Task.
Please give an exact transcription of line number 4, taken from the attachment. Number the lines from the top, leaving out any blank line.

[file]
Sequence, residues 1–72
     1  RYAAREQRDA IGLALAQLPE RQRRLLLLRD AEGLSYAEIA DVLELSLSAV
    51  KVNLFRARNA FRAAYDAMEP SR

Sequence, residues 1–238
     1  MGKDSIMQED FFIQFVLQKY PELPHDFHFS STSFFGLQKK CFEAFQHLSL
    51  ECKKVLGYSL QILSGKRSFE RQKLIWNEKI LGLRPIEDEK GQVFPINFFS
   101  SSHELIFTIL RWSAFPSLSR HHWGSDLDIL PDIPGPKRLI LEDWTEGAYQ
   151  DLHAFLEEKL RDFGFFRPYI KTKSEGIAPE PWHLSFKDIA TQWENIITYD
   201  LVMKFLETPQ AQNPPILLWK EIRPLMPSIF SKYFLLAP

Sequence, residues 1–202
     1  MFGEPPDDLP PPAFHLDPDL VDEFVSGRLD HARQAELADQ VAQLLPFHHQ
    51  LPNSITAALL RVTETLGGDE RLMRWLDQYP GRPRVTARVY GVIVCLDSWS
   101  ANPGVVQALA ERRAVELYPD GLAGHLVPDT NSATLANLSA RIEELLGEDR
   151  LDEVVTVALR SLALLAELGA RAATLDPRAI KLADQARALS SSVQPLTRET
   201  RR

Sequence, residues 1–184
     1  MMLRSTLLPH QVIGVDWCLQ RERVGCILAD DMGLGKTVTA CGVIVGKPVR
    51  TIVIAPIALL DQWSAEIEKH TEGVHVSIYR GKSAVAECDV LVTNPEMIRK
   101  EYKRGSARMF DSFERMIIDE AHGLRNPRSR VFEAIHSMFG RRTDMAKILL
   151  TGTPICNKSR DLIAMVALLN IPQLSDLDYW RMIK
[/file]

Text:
Sequence, residues 1–238